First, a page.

Wednesday, August 6, 2008
Lucky Mother of Daughters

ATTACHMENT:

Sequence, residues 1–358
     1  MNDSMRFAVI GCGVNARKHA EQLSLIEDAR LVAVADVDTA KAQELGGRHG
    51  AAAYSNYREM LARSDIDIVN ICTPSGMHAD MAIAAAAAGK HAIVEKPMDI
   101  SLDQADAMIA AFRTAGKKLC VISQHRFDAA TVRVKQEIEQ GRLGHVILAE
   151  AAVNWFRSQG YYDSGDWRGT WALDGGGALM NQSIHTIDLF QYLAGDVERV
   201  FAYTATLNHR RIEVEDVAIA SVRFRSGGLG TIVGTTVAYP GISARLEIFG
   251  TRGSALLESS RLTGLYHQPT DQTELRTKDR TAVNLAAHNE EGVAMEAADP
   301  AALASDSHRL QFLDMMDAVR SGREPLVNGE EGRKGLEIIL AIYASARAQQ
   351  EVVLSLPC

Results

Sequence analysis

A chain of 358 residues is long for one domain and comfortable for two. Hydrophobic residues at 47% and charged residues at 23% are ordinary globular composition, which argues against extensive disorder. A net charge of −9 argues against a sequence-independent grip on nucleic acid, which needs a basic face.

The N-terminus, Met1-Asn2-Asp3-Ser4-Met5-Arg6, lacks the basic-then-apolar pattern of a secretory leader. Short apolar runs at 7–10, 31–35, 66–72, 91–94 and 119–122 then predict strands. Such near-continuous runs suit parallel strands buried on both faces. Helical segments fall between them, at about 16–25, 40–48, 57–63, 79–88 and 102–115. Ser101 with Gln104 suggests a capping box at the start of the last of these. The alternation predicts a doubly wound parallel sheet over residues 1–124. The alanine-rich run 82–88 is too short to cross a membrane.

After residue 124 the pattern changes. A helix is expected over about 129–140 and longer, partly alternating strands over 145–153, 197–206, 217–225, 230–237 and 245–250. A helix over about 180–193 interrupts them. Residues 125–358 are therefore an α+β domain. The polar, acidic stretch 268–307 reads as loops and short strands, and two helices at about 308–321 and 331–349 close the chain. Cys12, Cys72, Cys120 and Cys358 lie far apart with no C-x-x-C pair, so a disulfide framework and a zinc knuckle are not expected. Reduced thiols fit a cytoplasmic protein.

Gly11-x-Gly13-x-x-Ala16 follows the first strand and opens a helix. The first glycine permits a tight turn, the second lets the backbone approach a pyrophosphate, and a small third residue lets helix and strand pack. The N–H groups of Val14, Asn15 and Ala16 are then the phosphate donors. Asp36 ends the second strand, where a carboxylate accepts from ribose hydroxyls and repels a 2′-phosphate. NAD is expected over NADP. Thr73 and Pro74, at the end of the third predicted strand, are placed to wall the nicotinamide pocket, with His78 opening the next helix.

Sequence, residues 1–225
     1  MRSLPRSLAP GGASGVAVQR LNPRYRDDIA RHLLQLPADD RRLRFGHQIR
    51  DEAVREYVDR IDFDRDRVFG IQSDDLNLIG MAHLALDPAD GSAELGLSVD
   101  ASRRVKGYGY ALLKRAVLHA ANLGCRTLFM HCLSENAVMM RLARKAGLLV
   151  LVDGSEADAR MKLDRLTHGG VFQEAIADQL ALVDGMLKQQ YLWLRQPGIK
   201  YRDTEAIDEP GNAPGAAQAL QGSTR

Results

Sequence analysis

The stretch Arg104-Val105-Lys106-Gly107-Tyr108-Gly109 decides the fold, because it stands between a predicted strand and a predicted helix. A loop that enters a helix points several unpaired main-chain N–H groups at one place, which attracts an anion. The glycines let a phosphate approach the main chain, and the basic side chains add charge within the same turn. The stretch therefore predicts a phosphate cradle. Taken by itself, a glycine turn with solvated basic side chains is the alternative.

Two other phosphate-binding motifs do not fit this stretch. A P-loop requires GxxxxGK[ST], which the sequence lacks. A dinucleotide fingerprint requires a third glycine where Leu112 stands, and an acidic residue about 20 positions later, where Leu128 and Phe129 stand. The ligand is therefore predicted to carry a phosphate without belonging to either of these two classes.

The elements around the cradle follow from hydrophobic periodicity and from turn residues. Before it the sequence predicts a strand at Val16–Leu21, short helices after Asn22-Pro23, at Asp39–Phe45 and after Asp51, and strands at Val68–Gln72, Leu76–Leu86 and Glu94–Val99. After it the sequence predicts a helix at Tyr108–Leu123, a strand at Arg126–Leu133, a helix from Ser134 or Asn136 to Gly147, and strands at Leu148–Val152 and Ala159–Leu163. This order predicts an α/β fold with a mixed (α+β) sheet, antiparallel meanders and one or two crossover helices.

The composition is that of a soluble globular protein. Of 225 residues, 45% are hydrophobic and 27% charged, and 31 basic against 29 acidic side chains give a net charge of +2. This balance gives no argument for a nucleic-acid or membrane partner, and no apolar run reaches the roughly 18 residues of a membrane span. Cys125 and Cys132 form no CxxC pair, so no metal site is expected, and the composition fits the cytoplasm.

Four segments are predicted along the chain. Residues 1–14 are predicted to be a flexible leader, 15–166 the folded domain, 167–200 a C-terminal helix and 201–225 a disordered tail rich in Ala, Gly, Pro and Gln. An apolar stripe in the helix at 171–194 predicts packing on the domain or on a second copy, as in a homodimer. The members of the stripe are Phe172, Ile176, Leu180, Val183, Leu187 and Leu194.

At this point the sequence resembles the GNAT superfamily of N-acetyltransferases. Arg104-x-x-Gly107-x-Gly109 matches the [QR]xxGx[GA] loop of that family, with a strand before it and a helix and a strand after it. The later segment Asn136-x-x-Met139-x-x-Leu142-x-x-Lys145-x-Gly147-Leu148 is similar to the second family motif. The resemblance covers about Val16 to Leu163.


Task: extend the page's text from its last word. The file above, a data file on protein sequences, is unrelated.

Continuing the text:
Being a mother of daughters provides excellent cover for rereading the classics of childhood, to see if they would appeal to my children. Although the girls are now somewhat out of range, reading sci fi, feminism, and Dostoyevsky, I still enjoy the guilty pleasures of the Little Princess and Little House on the Prairie. This week, I fell into Eight Cousins and Rose in Bloom (Louisa May Alcott). I hadn't really reflected on these as a physician before, and I was struck by several thoughts. In the modern age we tend to forget the catastrophic role of illness in many lives, since few of our patients come down with "malignant fevers" or die of sudden injury. But to those patients who are afflicted (lovely Victorian word), the experience is as devastating as it ever was. Conversely, the role of the doctor who can be trusted to know what to do is extraordinarily valued and important. To be a doctor is a burden, without doubt, but it is also an enormous privilege. And the guilt we feel not being with our children as much as women in some other professions may at times conceal or be compounded by the guilt that comes from our enjoyment of our professional work. When I am arguing with an insurer, or dealing with a messy and uncertain medical situation after hours, I resent the demands of medicine, but when the door is closed and I am deep into session with a patient, I imagine it is like being in the middle of surgery. There is no where else, including home, where I would rather be. Accepting that half measures in two demanding arenas adds up to more than one whole life has helped me navigate the shoals of combining medicine and motherhood, even when the tide is ebbing and the sailing requires some tricky maneuvers to keep the ship afloat.